Tips for getting the most out of your mums

Chrysanthemums have long been a favorite for spectacular fall color, and choosing the right varieties will provide a fantastic show from mid-September until the first killing frost.  Mums can be planted in containers or beds, and look great when grouped together.  Just follow these simple care tips:


Mums can be planted in spring or fall – spring is the best choice for getting them to survive the winter.  Mums purchased in fall should be planted at least 6 weeks before a killing frost. (bear in mind that not all garden mums are not true perennials)  Mums grow best in full sun, (minimum of 6 hours of mid-day sun) and require well-drained soil which is rich in organic matter.  Plant your  mums at the same soil level as in the pot and space them at least 18” apart, as they will spread in the coming years.


Mums kept in pots or containers should be watered daily, or when the soil is dry.  Mums in the garden should be watered in well when newly planted, then watered when soil surface is dry.


Organic fertilizers, such as manure and bone meal work best for mums.  If chemical fertilizers such as Jack’s classic water soluble fertilizer are used, it should only be applied until buds form.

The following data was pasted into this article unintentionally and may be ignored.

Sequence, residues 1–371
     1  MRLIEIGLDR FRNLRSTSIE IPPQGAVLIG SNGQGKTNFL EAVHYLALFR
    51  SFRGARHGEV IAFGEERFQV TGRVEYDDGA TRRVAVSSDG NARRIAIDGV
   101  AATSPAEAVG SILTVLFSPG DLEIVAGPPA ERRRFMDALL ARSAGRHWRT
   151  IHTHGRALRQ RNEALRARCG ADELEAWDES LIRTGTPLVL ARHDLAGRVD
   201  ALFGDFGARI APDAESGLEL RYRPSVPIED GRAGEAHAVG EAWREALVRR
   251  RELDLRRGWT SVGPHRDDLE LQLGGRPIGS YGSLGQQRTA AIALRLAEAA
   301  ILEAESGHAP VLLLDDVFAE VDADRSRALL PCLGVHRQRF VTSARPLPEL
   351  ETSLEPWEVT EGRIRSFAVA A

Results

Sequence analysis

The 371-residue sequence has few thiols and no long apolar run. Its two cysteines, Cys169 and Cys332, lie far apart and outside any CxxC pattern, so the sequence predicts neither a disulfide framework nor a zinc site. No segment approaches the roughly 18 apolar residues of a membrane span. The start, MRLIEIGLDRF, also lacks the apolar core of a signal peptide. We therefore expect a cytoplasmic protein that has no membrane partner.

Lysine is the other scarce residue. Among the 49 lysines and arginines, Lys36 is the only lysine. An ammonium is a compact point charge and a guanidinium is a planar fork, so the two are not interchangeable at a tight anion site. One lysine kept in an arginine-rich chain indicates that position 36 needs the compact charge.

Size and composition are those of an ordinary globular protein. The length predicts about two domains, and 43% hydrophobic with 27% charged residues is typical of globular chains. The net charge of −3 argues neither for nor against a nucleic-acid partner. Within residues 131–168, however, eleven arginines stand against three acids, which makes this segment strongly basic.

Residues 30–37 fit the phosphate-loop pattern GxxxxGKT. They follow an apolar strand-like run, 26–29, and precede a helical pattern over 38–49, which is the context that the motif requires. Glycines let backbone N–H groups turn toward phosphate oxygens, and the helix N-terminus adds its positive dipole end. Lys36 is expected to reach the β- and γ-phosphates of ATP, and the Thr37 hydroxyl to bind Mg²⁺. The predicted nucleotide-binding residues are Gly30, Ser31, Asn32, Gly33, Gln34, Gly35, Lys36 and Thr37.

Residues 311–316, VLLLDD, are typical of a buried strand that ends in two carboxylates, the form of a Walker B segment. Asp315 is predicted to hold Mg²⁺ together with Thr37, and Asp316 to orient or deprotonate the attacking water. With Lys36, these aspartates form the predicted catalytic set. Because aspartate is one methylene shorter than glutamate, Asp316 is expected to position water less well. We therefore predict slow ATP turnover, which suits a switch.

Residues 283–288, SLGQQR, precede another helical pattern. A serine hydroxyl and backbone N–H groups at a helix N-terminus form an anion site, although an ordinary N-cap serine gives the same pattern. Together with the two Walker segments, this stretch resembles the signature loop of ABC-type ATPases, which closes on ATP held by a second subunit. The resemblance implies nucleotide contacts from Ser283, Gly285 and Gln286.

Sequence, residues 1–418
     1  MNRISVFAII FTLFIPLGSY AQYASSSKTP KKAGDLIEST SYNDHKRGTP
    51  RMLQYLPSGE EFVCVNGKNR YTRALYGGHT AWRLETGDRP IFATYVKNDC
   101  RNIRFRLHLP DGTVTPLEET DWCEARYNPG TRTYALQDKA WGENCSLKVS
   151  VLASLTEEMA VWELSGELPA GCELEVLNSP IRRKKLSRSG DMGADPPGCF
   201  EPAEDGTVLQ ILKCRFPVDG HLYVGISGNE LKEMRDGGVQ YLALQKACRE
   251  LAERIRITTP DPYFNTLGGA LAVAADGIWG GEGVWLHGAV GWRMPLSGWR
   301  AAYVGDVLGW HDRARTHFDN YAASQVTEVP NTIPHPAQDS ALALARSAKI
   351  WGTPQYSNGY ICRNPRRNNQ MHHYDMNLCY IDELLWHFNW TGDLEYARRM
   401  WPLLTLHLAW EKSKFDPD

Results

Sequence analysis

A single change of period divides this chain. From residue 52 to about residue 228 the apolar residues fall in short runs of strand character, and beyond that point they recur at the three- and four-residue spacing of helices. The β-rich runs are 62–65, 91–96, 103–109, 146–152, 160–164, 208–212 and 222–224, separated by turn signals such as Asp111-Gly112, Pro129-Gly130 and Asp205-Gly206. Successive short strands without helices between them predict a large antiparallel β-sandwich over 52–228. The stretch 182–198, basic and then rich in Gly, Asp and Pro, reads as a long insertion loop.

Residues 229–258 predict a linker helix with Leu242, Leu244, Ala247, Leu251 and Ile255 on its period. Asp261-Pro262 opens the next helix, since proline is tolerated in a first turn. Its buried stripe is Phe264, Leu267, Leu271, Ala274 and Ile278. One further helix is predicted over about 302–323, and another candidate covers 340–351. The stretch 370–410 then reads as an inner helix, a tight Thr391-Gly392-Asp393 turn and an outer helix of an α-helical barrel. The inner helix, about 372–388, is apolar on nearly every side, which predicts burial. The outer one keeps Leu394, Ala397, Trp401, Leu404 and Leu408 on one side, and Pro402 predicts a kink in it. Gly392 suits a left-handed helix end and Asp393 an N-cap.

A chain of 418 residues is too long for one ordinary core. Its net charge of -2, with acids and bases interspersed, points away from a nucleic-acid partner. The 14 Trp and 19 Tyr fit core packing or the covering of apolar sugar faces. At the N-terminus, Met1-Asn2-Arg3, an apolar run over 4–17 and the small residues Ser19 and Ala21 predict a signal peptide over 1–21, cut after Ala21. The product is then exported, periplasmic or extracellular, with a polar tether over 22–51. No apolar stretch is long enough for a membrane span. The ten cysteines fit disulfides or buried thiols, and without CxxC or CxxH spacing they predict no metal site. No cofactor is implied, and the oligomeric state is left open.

Mums which can make it thru the winter will need to be pinched or cut back throughout the growing season.  First, cut back last year’s dead growth in spring as soon as you see new green growth appears at the base of the plant.  When the new growth reaches about 6”, trim back up to ½ of the plant.  When you see new buds forming, pinch off about 1” – 2” on all of the branches to form a sturdy, rounded plant.  Your mum will then be ready to put on its spectacular fall show!


Dividing your mums every 3 – 4 years will renew their vigor and keep them in the best shape.  Spring is the best time to divide, making sure to water them in well and use a root stimulator when planting to promote strong root development and prevent transplant shock.

Winter Care

Mums overwinter best if they are not cut back in the fall, and are given some extra mulch around the base of the plant in mid-January.  Evergreen boughs make a great protective mulch, because they don’t mat down and will not allow extra moisture to collect around the plant. (Plus, it’s a great way to re-cycle your Christmas tree!)